More than 4,000 health care facilities in the U.S. have pledged to become mercury free. If your facility is still using mercury-containing products, here are suggested steps you can take to address this problem.
- Identify Mercury-Containing Items
- Implement Mercury-Free Purchasing Policy
- Set Mercury Reduction Goals
- Get Alternatives to Mercury-Containing Product
- Be Recognized for Your Mercury Elimination Efforts!
Hospitals must first take an inventory of the mercury-containing products they currently purchase or have in stock. There are several good tools hospitals can use to identify mercury-containing products in their facility.
- Health Care Without Harm has developed a List of Mercury-Containing Items in a Hospital Setting (pdf).
- The MWRA / MASCO Mercury Management Guidebook provides a database of mercury-containing items as well as resources on mercury in wastewater.
- The Mercury Assessment Worksheet was designed to help organizations inventory their mercury-containing devices. This spreadsheet was developed by the California Office of P2 and Technology Development and the California Department of Health Services' Hospital Pollution Prevention Program.
- See Sections 5A and 5B of the Mercury Checklist (pdf) from the Hospitals for a Healthy Environment (H2E) Self-Assessment for Facilities.
Once the inventory is complete, the next step is to create and implement a mercury-free purchasing policy. Having a hospital or system-wide policy to eliminate certain types of toxic products is beneficial because administration, clinicians, material managers, and purchasing agents are all working under the same guidelines about what not to purchase.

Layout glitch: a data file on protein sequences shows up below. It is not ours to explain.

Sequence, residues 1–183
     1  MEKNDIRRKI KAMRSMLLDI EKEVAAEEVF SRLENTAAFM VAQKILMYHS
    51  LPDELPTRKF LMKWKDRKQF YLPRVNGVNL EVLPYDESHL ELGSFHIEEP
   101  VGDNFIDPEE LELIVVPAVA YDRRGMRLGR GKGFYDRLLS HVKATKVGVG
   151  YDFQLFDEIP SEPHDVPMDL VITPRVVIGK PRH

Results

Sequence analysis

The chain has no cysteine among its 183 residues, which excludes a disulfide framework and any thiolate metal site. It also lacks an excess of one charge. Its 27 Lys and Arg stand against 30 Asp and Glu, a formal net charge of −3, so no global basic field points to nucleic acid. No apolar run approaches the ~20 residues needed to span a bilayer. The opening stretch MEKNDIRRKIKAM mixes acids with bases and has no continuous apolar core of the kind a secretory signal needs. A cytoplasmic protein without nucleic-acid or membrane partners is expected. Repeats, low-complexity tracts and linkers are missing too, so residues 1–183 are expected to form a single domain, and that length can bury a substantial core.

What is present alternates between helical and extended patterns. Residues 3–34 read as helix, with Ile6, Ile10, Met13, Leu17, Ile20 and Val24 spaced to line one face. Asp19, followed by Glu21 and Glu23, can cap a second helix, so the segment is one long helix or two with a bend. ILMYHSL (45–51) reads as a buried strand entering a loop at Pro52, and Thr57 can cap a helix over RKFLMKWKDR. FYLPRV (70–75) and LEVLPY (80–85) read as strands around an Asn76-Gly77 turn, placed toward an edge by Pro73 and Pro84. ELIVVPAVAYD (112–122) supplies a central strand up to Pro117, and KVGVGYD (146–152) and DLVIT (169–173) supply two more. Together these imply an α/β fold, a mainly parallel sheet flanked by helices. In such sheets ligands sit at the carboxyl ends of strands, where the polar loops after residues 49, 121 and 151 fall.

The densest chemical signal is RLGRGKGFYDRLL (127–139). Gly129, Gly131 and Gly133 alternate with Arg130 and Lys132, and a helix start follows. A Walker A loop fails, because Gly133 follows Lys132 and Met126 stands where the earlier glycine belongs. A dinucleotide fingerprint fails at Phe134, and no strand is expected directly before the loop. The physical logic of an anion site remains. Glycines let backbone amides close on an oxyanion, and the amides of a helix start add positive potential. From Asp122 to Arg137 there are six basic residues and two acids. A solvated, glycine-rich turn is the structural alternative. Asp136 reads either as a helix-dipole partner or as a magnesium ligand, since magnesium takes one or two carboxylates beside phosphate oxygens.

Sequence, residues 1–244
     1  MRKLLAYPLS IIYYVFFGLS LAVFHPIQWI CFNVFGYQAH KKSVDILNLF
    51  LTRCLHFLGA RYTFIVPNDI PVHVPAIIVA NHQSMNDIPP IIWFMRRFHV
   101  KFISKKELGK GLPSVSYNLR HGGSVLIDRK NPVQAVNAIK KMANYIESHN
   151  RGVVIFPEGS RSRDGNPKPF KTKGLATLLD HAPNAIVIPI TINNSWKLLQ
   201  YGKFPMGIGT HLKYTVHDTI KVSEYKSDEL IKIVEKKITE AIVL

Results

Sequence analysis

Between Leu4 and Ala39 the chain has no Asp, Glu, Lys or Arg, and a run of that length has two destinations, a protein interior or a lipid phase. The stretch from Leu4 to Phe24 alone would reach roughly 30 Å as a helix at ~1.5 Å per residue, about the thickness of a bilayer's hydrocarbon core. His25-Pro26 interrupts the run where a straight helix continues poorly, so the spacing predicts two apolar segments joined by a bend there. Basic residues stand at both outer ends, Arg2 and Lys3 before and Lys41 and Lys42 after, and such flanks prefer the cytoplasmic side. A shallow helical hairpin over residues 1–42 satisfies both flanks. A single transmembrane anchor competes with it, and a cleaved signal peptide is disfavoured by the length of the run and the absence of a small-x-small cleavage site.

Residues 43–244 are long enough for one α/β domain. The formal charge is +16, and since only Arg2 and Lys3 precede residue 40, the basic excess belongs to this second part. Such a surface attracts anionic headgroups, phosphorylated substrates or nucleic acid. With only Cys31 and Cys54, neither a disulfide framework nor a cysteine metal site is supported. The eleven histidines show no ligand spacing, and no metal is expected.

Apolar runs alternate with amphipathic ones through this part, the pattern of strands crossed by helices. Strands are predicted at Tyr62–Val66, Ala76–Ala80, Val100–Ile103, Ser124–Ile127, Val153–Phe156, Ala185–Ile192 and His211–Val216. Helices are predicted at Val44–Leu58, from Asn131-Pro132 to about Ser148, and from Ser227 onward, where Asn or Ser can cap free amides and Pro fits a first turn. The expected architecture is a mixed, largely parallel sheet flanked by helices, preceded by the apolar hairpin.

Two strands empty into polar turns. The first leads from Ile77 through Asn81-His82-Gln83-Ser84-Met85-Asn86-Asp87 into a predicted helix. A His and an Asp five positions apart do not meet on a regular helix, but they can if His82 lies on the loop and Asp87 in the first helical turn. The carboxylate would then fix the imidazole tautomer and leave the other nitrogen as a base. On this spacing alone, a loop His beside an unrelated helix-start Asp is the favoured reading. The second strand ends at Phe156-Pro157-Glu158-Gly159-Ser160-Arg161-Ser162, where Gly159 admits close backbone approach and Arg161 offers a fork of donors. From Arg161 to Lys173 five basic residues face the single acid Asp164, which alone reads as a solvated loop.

Here is a sample mercury-free purchasing policy.
Defining small goals and achieving them creates momentum for the program and keeps staff engaged. Mercury elimination efforts should be documented and can be used as a Performance Improvement Initiative for JCAHO.
Cost-effective alternatives exist for virtually every mercury-containing product used in the health care setting. The key to a smooth transition away from mercury products means coordinating with Purchasing/Materials Management to make sure they are aware of the alternatives to mercury products.
Find more about mercury-free alternatives.
Practice Greenhealth, a partner organization of Health Care Without Harm, recognizes outstanding efforts in environmental improvement with its annual Environmental Excellence Awards.
The Making Medicine Mercury-Free award recognizes facilities that have virtually eliminated mercury from their facilities and have made a commitment to continue to be "mercury-free." More information is available at www.practicegreenhealth.org